Blue laser fabrication layer
Researchers at the Institute of Photonics and Department of Physics at the University of Strathclyde have developed a patented technology of benefit to the semiconductor industry. This technology relates to gallium nitride (GaN) semiconductor devices which are most familiar as high-brightness, blue and green, LEDs. The Strathclyde team has established a strong track-record in nitride semiconductor growth research at an international level, and has proprietary know-how and the basis of a sound portfolio of related IP.
The new technology is an aluminium indium nitride or quaternary layer which provides a means to optically monitor, in situ, the growth of GaN devices on newly developed GaN substrates. This layer provides a contrast in refractive index which allows optical monitoring of the growth. This non-pertubative monitoring allows the layer thickness to be controlled with great accuracy. For all devices this avoids wasted materials and minimizes costly processing time. For many devices this will allow optimum performance and increases production yield.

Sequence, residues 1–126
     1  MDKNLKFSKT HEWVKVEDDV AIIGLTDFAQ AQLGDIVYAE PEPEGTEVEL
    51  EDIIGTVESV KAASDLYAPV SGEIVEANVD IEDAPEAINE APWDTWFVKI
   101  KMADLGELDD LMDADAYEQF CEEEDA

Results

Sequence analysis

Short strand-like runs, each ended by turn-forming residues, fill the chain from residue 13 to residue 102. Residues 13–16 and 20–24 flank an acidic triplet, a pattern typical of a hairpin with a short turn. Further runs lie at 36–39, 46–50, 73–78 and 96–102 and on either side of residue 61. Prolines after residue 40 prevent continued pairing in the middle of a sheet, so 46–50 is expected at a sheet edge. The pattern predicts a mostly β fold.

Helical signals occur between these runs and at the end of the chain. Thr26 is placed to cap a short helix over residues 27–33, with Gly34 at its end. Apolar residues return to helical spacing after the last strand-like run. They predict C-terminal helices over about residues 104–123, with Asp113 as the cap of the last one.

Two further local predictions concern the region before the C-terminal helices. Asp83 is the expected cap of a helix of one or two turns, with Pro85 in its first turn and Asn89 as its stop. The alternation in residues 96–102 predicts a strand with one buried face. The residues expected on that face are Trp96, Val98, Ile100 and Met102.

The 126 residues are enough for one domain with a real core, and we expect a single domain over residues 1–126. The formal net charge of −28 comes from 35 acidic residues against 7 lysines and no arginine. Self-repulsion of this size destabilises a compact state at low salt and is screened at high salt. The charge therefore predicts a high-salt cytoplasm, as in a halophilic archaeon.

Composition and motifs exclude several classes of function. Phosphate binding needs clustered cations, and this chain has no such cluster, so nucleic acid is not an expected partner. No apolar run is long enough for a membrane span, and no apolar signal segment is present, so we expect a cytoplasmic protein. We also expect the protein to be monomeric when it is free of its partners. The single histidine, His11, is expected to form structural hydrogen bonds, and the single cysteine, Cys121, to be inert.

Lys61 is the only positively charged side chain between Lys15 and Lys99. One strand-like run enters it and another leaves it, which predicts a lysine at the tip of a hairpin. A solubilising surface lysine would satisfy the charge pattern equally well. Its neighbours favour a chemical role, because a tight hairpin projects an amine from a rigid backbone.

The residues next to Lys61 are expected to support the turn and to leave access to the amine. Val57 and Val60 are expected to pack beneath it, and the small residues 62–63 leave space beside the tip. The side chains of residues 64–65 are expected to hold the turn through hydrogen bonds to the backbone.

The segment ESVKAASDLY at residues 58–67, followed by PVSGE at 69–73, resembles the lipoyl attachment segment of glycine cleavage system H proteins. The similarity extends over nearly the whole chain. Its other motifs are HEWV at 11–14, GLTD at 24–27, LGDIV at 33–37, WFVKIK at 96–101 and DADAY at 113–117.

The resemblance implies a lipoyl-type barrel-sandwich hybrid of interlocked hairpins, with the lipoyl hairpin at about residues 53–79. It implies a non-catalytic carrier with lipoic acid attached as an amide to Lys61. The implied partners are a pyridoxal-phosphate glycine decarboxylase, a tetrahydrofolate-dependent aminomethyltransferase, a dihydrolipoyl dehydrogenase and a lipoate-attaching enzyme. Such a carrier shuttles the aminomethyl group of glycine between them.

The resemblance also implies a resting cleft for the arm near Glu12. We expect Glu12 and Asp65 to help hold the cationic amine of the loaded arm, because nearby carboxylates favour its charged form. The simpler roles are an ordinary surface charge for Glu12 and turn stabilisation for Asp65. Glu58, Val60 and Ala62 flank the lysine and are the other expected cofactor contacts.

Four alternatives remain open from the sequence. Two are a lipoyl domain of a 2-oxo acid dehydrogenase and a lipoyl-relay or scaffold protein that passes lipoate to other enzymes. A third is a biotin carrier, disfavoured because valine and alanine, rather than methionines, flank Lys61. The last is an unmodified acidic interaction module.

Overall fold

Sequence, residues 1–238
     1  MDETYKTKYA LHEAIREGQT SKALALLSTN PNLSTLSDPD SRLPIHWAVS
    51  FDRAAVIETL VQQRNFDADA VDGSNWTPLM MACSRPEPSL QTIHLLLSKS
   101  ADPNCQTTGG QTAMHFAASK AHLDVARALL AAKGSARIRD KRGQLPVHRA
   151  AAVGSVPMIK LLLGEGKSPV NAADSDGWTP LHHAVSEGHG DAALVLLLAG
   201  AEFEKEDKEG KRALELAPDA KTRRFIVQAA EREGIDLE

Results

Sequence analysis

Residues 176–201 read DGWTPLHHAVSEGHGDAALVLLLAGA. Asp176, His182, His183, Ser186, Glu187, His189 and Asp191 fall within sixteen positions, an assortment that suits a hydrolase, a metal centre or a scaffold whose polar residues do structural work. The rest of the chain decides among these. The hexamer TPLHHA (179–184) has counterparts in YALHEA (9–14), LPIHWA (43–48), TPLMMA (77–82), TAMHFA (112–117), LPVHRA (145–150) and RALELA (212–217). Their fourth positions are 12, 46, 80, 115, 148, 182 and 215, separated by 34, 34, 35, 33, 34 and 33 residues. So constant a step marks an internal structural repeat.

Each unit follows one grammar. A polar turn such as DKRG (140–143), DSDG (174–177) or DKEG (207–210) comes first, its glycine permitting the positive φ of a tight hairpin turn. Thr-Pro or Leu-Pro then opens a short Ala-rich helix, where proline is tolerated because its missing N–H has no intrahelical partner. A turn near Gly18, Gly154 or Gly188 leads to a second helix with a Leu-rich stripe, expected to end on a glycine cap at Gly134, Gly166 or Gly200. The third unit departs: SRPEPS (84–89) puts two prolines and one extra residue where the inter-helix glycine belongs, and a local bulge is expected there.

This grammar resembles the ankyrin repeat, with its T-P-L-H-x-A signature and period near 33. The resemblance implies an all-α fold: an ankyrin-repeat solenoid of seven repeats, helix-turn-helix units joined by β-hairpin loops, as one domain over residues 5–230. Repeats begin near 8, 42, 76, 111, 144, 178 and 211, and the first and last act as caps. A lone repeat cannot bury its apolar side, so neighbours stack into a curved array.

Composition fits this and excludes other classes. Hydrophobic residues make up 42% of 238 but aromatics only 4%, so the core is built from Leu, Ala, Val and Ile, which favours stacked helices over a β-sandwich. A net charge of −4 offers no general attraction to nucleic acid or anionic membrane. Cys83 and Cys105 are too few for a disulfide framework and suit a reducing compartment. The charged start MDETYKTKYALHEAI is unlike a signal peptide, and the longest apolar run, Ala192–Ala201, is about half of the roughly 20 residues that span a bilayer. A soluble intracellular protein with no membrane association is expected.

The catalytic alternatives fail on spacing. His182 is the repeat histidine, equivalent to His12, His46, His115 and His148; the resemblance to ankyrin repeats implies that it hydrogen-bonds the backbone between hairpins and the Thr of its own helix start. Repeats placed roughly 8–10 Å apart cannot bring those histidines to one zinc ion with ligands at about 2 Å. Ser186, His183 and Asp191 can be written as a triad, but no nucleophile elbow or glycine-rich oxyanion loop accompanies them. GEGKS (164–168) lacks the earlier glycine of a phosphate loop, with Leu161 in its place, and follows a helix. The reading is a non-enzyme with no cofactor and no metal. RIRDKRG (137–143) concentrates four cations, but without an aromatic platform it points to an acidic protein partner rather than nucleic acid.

- enables new processing methodologies eg selective etching
- increased efficiency in growth cycle times
- increased yield in useable parts per wafer
- production of high accuracy parts
- production of high performance parts
- consistency of production of semiconductor layers
- reduction in material waste
Markets & applications
- this technology can be applied to a wide variety of GaN semiconductor devices. Any epitaxially grown gallium nitride family semiconductor may benefit from these techniques
- the devices whose manufacture will be improved include: LEDs (particularly resonant cavity LEDs), Vertical Cavity Surface Emitting Lasers (VCSEL) and HFETs
- these devices are used in telecommunications, data storage, displays, sensing and many other areas
Licensing & development
This technology is protected by a patent application filed by the University of Strathclyde as GB04/24957.9. Contact is welcomed from organisations interested in developing, licensing or exploiting this technology. Please contact the RKES team quoting reference number 1603.